More than half of UK vets saw tortoises with weight loss or anorexia following their last hibernation, research has revealed.
According to the BVA’s findings – taken from its spring 2016 Voice of the Veterinary Profession survey, which was completed by 1,648 of its members – vets believe these health problems stem from the way tortoises have been hibernated.
Traditionally, owners were advised to place their pet in a shoebox in the attic – however, modern advice has moved away from this concept. Therefore, the BVA has teamed up with the BSAVA and the British Veterinary Zoological Society (BVZS) to make sure hibernating pets have a healthy rest this winter.
BVA president Gudrun Ravetz said: “We have a far greater knowledge now of a tortoise’s health and welfare needs; however, it’s possible those who have had tortoises for decades may not be aware of the new practices.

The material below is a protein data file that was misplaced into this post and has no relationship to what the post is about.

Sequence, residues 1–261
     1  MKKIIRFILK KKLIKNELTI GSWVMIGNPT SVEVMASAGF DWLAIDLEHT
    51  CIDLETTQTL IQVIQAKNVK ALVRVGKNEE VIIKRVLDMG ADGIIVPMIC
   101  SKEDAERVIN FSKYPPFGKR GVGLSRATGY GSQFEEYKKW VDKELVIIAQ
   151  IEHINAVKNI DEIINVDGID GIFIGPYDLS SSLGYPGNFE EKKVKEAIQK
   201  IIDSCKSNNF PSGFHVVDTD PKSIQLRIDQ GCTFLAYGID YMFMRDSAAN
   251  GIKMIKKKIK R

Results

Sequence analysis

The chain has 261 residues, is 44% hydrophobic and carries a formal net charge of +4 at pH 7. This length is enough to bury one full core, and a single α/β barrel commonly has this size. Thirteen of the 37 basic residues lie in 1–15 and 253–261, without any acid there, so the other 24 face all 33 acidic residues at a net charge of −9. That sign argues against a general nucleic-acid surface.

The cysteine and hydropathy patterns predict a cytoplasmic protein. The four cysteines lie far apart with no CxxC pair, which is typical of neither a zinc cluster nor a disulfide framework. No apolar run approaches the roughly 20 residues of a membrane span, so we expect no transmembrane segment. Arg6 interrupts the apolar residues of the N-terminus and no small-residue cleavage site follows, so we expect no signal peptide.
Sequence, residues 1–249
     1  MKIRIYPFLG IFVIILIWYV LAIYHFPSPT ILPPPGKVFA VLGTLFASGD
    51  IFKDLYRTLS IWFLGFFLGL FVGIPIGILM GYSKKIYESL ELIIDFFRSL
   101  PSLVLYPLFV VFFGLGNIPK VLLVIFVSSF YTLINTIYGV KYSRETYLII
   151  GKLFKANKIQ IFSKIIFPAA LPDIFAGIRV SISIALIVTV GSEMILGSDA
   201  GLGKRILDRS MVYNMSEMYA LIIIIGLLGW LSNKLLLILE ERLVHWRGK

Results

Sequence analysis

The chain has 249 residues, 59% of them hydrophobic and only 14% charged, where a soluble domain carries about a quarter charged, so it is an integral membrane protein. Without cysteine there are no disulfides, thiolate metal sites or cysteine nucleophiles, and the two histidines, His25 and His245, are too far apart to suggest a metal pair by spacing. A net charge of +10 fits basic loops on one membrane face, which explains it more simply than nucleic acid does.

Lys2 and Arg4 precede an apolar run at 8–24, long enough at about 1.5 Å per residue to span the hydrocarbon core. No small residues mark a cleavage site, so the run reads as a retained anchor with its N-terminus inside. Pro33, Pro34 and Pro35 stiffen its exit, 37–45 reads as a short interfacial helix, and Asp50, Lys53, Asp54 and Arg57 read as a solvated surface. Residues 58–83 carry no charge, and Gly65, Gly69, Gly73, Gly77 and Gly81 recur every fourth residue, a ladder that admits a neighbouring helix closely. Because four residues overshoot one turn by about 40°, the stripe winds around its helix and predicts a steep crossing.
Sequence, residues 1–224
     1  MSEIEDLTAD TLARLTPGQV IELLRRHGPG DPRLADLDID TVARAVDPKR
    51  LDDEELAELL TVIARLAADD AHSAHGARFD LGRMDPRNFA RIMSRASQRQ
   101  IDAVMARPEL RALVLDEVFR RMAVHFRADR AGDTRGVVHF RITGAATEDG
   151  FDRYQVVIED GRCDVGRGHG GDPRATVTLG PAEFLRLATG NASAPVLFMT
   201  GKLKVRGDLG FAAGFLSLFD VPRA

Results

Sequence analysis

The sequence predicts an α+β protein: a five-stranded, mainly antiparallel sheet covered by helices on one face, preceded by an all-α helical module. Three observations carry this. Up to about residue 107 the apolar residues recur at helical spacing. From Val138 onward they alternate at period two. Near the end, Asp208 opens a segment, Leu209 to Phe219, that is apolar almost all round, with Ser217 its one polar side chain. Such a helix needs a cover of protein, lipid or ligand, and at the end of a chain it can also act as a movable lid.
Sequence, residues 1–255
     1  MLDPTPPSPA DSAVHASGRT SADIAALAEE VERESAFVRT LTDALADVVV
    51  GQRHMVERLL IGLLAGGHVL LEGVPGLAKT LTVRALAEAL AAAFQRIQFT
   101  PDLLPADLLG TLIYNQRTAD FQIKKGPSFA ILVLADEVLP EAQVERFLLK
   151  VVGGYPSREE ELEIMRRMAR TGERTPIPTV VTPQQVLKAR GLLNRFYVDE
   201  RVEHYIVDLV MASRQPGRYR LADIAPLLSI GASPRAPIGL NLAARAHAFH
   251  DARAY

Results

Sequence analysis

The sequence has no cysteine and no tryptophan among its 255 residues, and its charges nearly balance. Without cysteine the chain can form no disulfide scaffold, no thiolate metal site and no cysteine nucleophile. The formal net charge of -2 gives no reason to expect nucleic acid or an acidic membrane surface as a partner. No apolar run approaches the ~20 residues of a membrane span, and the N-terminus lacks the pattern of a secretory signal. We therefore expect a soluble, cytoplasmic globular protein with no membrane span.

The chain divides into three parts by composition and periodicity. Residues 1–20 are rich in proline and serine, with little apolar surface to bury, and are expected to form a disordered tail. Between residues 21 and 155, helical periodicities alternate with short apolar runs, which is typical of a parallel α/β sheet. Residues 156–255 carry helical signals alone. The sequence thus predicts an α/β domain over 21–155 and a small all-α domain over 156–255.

“We would always encourage tortoise owners make sure their pet has regular health checks with their vet to ensure good health and that they are equipped with the most up-to-date advice to prevent health problems.”
Deciding to delay
Although the weather is getting colder, the BVA said vets should advise owners to delay tortoise hibernation until November or December by keeping their pet warm using heat lamps – this will avoid an overlong hibernation that can result in:
- depletion of energy stores
- accumulation of toxins
Also, to ensure good hibernation husbandry, the BVA, BSAVA and BVZS have compiled some tips to help owners ensure their tortoises stay healthy while having the best possible winter rest.
For more information, visit the BVA website.